Simple example of using a MIPI-CSI(2) Camera (like the Raspberry Pi Version 2 camera) with the NVIDIA Jetson Nano Developer Kit. This is support code for the article on JetsonHacks: https://wp.me/p7ZgI9-19v
The camera should be installed in the MIPI-CSI Camera Connector on the carrier board. The pins on the camera ribbon should face the Jetson Nano module, the stripe faces outward.
The new Jetson Nano B01 developer kit has two CSI camera slots. You can use the sensor_mode attribute with nvarguscamerasrc to specify the camera. Valid values are 0 or 1 (the default is 0 if not specified), i.e.
To test the camera:
# Simple Test # Ctrl^C to exit # sensor_id selects the camera: 0 or 1 on Jetson Nano B01 $ gst-launch-1.0 nvarguscamerasrc sensor_id=0 ! nvoverlaysink # More specific - width, height and framerate are from supported video modes # Example also shows sensor_mode parameter to nvarguscamerasrc # See table below for example video modes of example sensor $ gst-launch-1.0 nvarguscamerasrc sensor_id=0 ! \ 'video/x-raw(memory:NVMM),width=3280, height=2464, framerate=21/1, format=NV12' ! \ nvvidconv flip-method=0 ! 'video/x-raw,width=960, height=720' ! \ nvvidconv ! nvegltransform ! nveglglessink -e Note: The cameras appear to report differently than show below on some Jetsons. You can use the simple gst-launch example above to determine the camera modes that are reported by the sensor you are using. As an example the same camera from below may report differently on a Jetson Nano B01: GST_ARGUS: 3264 x 2464 FR = 21.000000 fps Duration = 47619048 ; Analog Gain range min 1.000000, max 10.625000; Exposure Range min 13000, max 683709000 You should adjust accordingly. As an example, for 3264x2464 @ 21 fps on sensor_id 1 of a Jetson Nano B01: $ gst-launch-1.0 nvarguscamerasrc sensor_id=1 ! \ 'video/x-raw(memory:NVMM),width=3264, height=2464, framerate=21/1, format=NV12' ! \ nvvidconv flip-method=0 ! 'video/x-raw, width=816, height=616' ! \ nvvidconv ! nvegltransform ! nveglglessink -e Also, it's been noticed that the display transform is sensitive to width and height (in the above example, width=816, height=616). If you experience issues, check to see if your display width and height is the same ratio as the camera frame size selected (In the above example, 816x616 is 1/4 the size of 3264x2464).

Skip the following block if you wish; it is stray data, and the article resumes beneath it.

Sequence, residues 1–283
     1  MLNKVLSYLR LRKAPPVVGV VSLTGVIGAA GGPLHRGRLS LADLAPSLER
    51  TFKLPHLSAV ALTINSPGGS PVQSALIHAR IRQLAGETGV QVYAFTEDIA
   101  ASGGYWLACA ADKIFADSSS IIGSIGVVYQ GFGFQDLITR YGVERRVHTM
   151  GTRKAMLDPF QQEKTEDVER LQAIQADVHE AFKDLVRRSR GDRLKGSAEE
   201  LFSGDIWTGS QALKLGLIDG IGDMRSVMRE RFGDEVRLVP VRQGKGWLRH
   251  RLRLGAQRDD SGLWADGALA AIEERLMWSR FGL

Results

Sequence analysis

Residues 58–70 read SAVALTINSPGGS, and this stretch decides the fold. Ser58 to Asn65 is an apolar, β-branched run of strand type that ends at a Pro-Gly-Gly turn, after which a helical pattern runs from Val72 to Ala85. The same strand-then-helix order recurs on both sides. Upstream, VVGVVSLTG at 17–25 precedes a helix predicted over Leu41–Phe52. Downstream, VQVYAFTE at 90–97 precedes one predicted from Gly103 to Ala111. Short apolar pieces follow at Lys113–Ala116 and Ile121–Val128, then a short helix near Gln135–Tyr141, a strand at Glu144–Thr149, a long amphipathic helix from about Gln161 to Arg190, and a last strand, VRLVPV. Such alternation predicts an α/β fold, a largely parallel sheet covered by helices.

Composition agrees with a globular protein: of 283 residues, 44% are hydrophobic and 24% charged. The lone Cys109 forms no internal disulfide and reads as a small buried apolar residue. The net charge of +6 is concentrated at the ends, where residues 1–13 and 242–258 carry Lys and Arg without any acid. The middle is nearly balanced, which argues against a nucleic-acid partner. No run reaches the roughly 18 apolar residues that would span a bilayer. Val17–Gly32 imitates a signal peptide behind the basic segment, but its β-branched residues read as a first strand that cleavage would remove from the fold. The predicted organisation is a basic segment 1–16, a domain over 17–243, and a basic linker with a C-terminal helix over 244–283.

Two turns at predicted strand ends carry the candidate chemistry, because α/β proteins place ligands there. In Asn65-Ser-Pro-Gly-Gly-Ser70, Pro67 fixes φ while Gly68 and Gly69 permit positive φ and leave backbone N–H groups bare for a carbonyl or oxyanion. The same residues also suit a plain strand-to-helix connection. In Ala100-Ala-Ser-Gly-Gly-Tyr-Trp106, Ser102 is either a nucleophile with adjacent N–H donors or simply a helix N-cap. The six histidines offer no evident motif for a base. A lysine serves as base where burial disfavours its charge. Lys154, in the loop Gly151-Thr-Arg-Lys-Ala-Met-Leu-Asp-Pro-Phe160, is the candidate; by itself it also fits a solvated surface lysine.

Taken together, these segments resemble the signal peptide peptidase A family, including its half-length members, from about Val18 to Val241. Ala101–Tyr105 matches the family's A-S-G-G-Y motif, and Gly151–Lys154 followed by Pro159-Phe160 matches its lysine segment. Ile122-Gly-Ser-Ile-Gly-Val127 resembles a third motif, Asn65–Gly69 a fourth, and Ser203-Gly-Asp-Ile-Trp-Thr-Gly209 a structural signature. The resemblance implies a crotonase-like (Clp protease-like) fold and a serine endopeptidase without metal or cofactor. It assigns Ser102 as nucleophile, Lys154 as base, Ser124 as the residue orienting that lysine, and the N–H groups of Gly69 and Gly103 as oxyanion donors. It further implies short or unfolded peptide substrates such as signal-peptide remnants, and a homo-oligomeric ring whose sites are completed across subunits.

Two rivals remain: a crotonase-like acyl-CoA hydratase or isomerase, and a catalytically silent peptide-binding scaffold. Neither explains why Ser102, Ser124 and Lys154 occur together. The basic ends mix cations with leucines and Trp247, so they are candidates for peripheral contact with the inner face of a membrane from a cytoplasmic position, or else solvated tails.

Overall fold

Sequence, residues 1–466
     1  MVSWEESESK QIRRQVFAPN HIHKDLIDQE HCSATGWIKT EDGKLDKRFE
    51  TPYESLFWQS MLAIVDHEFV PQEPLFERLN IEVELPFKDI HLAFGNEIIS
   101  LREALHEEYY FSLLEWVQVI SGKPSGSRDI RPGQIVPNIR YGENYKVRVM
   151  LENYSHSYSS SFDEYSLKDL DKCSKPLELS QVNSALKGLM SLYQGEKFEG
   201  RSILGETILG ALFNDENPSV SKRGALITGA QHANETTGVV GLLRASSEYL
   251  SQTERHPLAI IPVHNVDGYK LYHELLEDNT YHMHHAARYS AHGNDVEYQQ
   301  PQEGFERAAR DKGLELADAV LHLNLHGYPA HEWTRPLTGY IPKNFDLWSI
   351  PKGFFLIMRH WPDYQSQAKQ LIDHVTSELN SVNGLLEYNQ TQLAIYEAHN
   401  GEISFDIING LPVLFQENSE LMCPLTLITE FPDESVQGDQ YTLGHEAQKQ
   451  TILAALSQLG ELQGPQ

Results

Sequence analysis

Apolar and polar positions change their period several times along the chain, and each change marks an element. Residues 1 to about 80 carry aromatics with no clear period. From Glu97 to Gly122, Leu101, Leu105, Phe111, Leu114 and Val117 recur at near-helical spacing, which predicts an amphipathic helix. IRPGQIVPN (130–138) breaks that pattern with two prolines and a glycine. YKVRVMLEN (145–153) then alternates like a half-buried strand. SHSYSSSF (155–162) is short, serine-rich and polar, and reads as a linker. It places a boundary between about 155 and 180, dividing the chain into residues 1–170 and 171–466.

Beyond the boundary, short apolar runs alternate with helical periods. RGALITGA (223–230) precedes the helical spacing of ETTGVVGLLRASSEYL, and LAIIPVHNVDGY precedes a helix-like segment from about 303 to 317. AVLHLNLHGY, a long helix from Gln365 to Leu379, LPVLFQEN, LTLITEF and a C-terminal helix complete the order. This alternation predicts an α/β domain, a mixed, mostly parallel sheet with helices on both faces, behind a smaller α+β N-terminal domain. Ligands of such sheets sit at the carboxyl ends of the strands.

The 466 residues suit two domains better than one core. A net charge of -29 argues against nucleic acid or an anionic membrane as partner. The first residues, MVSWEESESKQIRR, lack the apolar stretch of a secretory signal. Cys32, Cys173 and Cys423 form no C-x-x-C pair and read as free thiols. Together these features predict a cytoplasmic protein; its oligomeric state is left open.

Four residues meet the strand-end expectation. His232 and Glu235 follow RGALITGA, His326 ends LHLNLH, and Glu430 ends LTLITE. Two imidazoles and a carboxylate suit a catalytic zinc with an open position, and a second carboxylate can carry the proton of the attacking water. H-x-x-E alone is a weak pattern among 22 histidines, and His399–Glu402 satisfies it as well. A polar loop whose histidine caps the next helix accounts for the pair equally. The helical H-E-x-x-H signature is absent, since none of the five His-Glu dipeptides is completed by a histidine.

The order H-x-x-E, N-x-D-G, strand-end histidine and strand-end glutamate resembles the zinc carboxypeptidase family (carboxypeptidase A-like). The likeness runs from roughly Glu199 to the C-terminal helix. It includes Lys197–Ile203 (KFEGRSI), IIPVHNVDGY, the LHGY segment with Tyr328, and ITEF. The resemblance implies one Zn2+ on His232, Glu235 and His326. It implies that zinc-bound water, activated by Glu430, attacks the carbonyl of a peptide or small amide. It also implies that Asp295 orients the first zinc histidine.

There are several examples:
Note: You may need to install numpy for the Python examples to work, ie $ pip3 install numpy
simple_camera.py is a Python script which reads from the camera and displays to a window on the screen using OpenCV:
$ python simple_camera.py
face_detect.py is a python script which reads from the camera and uses Haar Cascades to detect faces and eyes:
$ python face_detect.py
Haar Cascades is a machine learning based approach where a cascade function is trained from a lot of positive and negative images. The function is then used to detect objects in other images.
The third example is a simple C++ program which reads from the camera and displays to a window on the screen using OpenCV:
$ g++ -std=c++11 -Wall -I/usr/lib/opencv simple_camera.cpp -L/usr/lib -lopencv_core -lopencv_highgui -lopencv_videoio -o simple_camera $ ./simple_camera
The final example is dual_camera.py. This example is for the newer rev B01 of the Jetson Nano board, identifiable by two CSI-MIPI camera ports. This is a simple Python program which reads both CSI cameras and displays them in a window. The window is 960x1080. For performance, the script uses a separate thread for reading each camera image stream. To run the script:
$ python3 dual_camera.py
The directory 'instrumented' contains instrumented code which can help adjust performance and frame rates.
You can use v4l2-ctl to determine the camera capabilities. v4l2-ctl is in the v4l-utils: Camera Image Formats
$ sudo apt-get install v4l-utils
For the Raspberry Pi V2 camera, typically the output is (assuming the camera is /dev/video0):
$ v4l2-ctl --list-formats-ext ioctl: VIDIOC_ENUM_FMT Index : 0 Type : Video Capture Pixel Format: 'RG10' Name : 10-bit Bayer RGRG/GBGB Size: Discrete 3280x2464 Interval: Discrete 0.048s (21.000 fps) Size: Discrete 3280x1848 Interval: Discrete 0.036s (28.000 fps) Size: Discrete 1920x1080 Interval: Discrete 0.033s (30.000 fps) Size: Discrete 1280x720 Interval: Discrete 0.017s (60.000 fps) Size: Discrete 1280x720 Interval: Discrete 0.017s (60.000 fps)
For the GStreamer pipeline, the nvvidconv flip-method parameter can rotate/flip the image. This is useful when the mounting of the camera is of a different orientation than the default. GStreamer Parameter
flip-method : video flip methods flags: readable, writable, controllable Enum "GstNvVideoFlipMethod" Default: 0, "none" (0): none - Identity (no rotation) (1): counterclockwise - Rotate counter-clockwise 90 degrees (2): rotate-180 - Rotate 180 degrees (3): clockwise - Rotate clockwise 90 degrees (4): horizontal-flip - Flip horizontally (5): upper-right-diagonal - Flip across upper right/lower left diagonal (6): vertical-flip - Flip vertically (7): upper-left-diagonal - Flip across upper left/low
Starting with L4T 32.2.1 / JetPack 4.2.2, GStreamer support is built in to OpenCV. The OpenCV version is 3.3.1 for those versions. Please note that if you are using earlier versions of OpenCV (most likely installed from the Ubuntu repository), you will get 'Unable to open camera' errors. OpenCV and Python
If you can open the camera in GStreamer from the command line, and have issues opening the camera in Python, check the OpenCV version.
v3.1 Release March, 2020
- L4T 32.3.1 (JetPack 4.3)
- OpenCV 4.1.1
- Tested on Jetson Nano B01
- Tested with Raspberry Pi v2 cameras
v3.0 December 2019
- L4T 32.3.1
- OpenCV 4.1.1.
- Tested with Raspberry Pi v2 camera
v2.0 Release September, 2019
- L4T 32.2.1 (JetPack 4.2.2)
- OpenCV 3.3.1
- Tested on Jetson Nano
Initial Release (v1.0) March, 2019
- L4T 32.1.0 (JetPack 4.2)
- Tested on Jetson Nano